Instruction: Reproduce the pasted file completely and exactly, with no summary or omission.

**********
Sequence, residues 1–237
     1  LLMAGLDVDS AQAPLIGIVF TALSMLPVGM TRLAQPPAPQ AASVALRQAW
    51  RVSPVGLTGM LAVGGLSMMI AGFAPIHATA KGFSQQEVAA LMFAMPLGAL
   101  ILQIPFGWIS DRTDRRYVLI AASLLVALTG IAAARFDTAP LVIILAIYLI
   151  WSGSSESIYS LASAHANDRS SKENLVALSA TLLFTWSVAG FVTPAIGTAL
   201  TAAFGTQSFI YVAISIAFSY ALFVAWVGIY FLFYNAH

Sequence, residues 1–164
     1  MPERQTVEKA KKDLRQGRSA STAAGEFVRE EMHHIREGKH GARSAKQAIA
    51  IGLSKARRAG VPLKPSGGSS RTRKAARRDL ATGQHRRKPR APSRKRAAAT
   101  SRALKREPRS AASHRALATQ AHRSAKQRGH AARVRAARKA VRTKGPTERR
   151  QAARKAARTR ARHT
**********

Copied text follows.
Sequence, residues 1–237
     1  LLMAGLDVDS AQAPLIGIVF TALSMLPVGM TRLAQPPAPQ AASVALRQAW
    51  RVSPVGLTGM LAVGGLSMMI AGFAPIHATA KGFSQQEVAA LMFAMPLGAL
   101  ILQIPFGWIS DRTDRRYVLI AASLLVALTG IAAARFDTAP LVIILAIYLI
   151  WSGSSESIYS LASAHANDRS SKENLVALSA TLLFTWSVAG FVTPAIGTAL
   201  TAAFGTQSFI YVAISIAFSY ALFVAWVGIY FLFYNAH

Sequence, residues 1–164
     1  MPERQTVEKA KKDLRQGRSA STAAGEFVRE EMHHIREGKH GARSAKQAIA
    51  IGLSKARRAG VPLKPSGGSS RTRKAARRDL ATGQHRRKPR APSRKRAAAT
   101  SRALKREPRS AASHRALATQ AHRSAKQRGH AARVRAARKA VRTKGPTERR
   151  QAARKAARTR ARHT